Killing Lincoln: The Shocking Assassination that Changed America Forever
by Bill O’Reilly and Martin Dugard
- Hardcover: 336 pages
- Publisher: Henry Holt and Co.; First Edition (September 27, 2011)
- Language: English
- ISBN-10: 0805093079
- ISBN-13: 978-0805093070
Much of what is written and said on this book depends on the author’s view of Bill O’Reilly and not on what is between the covers of the book. The “this is a great book” are slightly ahead of the “this is garbage” on Amazon. The reality is between these two groups. While not a great book, for that matter how many great histories are published each year, it is not garbage either.
A fair review should state that this is a very readable, reasonably accurate telling of the last days of Lincoln’s life and the events following his death. A member of my round table and something of an assassination buff enjoyed the book. We both found it to be very readable and enjoyable. As with most books, you will find statements to take issue with. However, the authors do not drift too far from the historical accepted version of events. Their handling of the questions about Stanton’s involvement is very good without taking a position. They accept Doctor Mudd is a Confederate agent that helped in Booth’s escape. I feel they tie Booth too closely to the Confederate Secret Service in Canada.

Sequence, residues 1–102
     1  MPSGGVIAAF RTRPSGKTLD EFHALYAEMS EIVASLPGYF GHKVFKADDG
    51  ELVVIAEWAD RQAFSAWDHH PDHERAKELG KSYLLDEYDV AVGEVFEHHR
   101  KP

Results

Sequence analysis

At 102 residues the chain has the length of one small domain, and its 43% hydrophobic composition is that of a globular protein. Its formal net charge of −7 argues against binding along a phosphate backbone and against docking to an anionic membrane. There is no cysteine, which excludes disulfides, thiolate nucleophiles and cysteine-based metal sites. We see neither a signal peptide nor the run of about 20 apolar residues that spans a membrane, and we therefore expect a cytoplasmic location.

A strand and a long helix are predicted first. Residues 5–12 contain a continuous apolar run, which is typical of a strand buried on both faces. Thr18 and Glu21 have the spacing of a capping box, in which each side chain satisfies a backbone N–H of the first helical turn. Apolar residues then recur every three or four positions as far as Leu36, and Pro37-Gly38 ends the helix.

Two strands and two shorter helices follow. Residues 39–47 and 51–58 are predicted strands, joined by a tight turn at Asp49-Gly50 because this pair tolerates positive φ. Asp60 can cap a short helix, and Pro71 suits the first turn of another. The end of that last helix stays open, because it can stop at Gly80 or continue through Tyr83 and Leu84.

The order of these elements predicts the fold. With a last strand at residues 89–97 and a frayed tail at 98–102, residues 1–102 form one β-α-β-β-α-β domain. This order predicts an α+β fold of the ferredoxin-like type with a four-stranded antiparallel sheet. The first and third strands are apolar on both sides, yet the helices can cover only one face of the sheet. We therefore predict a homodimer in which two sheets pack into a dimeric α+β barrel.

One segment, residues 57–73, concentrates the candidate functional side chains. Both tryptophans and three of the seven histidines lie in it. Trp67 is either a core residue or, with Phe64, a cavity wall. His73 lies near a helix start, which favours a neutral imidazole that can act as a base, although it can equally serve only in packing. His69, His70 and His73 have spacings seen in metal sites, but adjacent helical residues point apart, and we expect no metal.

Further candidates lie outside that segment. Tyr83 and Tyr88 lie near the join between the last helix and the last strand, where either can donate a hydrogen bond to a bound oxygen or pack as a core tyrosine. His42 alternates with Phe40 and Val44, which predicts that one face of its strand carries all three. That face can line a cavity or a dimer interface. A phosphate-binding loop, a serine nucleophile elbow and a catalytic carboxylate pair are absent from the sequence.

The book is a daily chronicle of events from April 1 to April 13. April 14, is almost an hourly chronicle of events covering Booth and Lincoln. Booth’s escape, the trial and execution are covered in hours to weeks, depending on the events occurring. Their is an excellent Afterword, a re-creation of the April 29, 1865 Harper’s Weekly covering the assassination. Some very basic end notes cover major sections and the book has a full index.
While Killing Lincoln may not add to our knowledge, it is a very readable account with no major errors.
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